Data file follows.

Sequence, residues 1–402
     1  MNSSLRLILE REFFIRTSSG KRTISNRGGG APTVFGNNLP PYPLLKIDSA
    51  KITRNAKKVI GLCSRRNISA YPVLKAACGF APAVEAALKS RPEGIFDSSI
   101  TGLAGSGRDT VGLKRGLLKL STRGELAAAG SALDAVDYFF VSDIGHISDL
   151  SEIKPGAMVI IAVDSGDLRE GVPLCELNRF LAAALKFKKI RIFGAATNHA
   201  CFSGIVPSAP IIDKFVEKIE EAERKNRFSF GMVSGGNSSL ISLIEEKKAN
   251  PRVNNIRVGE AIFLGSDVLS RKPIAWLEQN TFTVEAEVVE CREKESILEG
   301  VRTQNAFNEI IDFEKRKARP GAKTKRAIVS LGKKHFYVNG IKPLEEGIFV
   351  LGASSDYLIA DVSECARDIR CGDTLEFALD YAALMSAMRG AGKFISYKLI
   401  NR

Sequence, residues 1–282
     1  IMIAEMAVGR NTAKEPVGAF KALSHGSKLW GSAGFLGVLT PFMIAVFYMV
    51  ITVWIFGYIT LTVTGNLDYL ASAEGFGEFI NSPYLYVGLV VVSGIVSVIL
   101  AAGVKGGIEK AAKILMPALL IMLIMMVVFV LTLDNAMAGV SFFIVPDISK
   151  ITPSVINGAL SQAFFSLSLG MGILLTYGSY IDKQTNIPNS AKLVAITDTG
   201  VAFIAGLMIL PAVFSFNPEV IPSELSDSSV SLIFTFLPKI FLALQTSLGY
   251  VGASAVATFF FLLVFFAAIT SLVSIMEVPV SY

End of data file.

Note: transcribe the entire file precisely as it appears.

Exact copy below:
Sequence, residues 1–402
     1  MNSSLRLILE REFFIRTSSG KRTISNRGGG APTVFGNNLP PYPLLKIDSA
    51  KITRNAKKVI GLCSRRNISA YPVLKAACGF APAVEAALKS RPEGIFDSSI
   101  TGLAGSGRDT VGLKRGLLKL STRGELAAAG SALDAVDYFF VSDIGHISDL
   151  SEIKPGAMVI IAVDSGDLRE GVPLCELNRF LAAALKFKKI RIFGAATNHA
   201  CFSGIVPSAP IIDKFVEKIE EAERKNRFSF GMVSGGNSSL ISLIEEKKAN
   251  PRVNNIRVGE AIFLGSDVLS RKPIAWLEQN TFTVEAEVVE CREKESILEG
   301  VRTQNAFNEI IDFEKRKARP GAKTKRAIVS LGKKHFYVNG IKPLEEGIFV
   351  LGASSDYLIA DVSECARDIR CGDTLEFALD YAALMSAMRG AGKFISYKLI
   401  NR

Sequence, residues 1–282
     1  IMIAEMAVGR NTAKEPVGAF KALSHGSKLW GSAGFLGVLT PFMIAVFYMV
    51  ITVWIFGYIT LTVTGNLDYL ASAEGFGEFI NSPYLYVGLV VVSGIVSVIL
   101  AAGVKGGIEK AAKILMPALL IMLIMMVVFV LTLDNAMAGV SFFIVPDISK
   151  ITPSVINGAL SQAFFSLSLG MGILLTYGSY IDKQTNIPNS AKLVAITDTG
   201  VAFIAGLMIL PAVFSFNPEV IPSELSDSSV SLIFTFLPKI FLALQTSLGY
   251  VGASAVATFF FLLVFFAAIT SLVSIMEVPV SY